This year the 2019 Oscar Nominated Short Documentary Films were released to the general public, albeit in extremely limited release. While one crummy old theater in San Francisco was showing these shorts, we were happy to find these films in San Rafael (hum…a broken down flea bitten fire trap or a renovated/updated classic Art Deco movie palace? The drive north was definitely worth it.) J&J
Black Sheep/UK, 27 minutes
This film was based on true events. An immigrant Nigerian family is living in London when a 10 year old girl is killed in their neighborhood for no apparent reason. The family moves to Essex with the hopes of a better future only to discover worse racist attitudes.
The immigrant teenage son named Cornelius suddenly finds the local teenage “toughs” take a shine to him for some unclear reason. Cornelius immediately decides to change who he is to match their approval, behavior, lightening his skin color and even wearing blue contact lenses. Cornelius struggles with “making friends with monsters” leaves the audience contemplating the situation with no easy answers.
End Game/USA, 40 minutes
WOW! The title refers to “palliative care” and “hospice treatment”. To be clear, in general, it looks at end of life treatment for terminally ill patients of all kinds. It’s a look behind the curtains inside San Francisco’s Zen Hospice Project and UCSF’s Palliative Care Program.
It’s a tough look in clear language. It’s often heart wrenching, sometimes amazing, but mostly respectful, sensitive and loving. All the patients, staff and family’s collectively reveal perspective’s that are concurrently based on love, compassion and peace.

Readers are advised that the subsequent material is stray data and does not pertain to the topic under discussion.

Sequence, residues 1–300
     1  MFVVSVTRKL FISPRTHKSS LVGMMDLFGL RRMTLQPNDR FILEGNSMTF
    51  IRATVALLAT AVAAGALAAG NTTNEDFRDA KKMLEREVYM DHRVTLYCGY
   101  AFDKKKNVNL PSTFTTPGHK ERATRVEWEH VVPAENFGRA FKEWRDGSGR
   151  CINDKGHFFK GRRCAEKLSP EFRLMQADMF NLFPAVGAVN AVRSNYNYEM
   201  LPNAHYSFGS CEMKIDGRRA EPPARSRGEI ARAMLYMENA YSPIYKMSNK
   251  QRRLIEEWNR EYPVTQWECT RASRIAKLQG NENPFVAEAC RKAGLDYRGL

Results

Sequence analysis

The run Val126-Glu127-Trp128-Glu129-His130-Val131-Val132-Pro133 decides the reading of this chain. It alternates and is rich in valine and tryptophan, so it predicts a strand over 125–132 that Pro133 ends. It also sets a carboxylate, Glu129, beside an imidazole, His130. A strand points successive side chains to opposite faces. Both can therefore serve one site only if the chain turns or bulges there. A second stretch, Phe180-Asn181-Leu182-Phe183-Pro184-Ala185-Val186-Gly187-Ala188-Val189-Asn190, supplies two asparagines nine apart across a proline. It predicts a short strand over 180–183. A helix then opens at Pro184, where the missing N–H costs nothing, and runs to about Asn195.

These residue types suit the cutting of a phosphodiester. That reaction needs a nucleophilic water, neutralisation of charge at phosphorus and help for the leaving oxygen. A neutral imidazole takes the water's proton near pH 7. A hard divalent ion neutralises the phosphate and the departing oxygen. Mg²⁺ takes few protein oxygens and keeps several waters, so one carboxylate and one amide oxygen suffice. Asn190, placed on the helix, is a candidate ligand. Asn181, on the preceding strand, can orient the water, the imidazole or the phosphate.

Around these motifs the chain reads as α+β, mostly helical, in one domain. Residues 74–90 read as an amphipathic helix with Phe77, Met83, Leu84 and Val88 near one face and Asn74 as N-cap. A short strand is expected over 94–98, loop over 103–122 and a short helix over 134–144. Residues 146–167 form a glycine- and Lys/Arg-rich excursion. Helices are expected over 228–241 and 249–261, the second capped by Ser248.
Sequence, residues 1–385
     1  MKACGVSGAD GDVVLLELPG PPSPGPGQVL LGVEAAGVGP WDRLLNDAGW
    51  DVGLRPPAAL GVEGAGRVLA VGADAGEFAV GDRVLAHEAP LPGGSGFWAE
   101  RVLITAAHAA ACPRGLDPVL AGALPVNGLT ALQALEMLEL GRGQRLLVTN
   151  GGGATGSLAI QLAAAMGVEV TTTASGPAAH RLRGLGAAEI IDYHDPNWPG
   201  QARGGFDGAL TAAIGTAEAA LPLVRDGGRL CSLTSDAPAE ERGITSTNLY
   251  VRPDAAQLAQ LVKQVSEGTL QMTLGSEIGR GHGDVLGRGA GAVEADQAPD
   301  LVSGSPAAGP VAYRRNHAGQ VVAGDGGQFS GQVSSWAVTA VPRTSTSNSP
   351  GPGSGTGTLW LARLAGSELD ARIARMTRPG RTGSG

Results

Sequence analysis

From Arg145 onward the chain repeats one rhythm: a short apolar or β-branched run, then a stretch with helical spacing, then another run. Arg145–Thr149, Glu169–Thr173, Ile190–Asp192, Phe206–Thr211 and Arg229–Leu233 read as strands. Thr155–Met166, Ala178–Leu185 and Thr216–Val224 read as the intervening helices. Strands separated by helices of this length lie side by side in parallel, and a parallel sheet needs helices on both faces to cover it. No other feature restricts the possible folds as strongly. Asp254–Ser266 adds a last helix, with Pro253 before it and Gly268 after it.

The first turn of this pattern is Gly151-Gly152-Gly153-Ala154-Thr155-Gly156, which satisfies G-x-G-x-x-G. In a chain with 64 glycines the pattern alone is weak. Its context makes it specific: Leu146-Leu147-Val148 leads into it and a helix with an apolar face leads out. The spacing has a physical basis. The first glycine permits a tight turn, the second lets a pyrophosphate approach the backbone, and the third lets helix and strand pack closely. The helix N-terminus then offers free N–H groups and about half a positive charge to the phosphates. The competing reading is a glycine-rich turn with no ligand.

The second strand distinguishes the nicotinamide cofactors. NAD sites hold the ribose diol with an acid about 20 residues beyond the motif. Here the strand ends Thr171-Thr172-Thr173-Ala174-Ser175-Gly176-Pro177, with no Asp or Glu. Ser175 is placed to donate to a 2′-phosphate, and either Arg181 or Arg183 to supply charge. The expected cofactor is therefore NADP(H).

Period. End of Sentence/USA, 26 minutes
OK. Now we’ll travel to India and an upbeat story set in a small village outside Delhi, India. It’s a blunt conversation about women’s menstruation. Most local men don’t know what it is, the village women giggle and avoid the topic if possible.
Fast forward, the film is about “The Pad Project”. Gender and subjective issues aside, this film is focused on local women taking control and ownership of a program where women develop, produce and sell/distribute sanitary pads to neighboring towns and villages spawning micro businesses that change lives and promote healthier behaviors. Hindi with English subtitles.
Lifeboat/USA, 34 minutes
This film is based on the German non-profit organization dedicated to helping refugees fleeing Libya (and numerous other countries) in recent years.
An over arching sense of disconnection for the refugees is palatable on many levels. Ultimately, these people are seeking a better life in another place. The risks are terrifying and the future clouded at best.
Special note: We were in Sicily a few years ago while these humanitarian rescues were occurring. We had the opportunity to meet with recently “assimilated” arrivals to Italy. It was a profound experience to connect with these refugees. The guarded stories of their experiences are still fresh in our minds.
A Night at the Garden/USA, 7 minutes
OH MY! Considered by some as “the best of the bunch” this film is shockingly different. Using archival footage, this film is a powerful reminder of historical events from Madison Square Garden in New York City, February 20, 1939, shortly before the beginning of WWII. Over 20,000 “Pro-American Patriots” gathered to cheer on Nazism and fascist ideology.
Europe was already in disarray. Adolf Hitler’s troops were already in the process of building concentration camps. The result is a riveting and revolting reflection on a dark event and the tumultuous politics of the time. Lest we forget.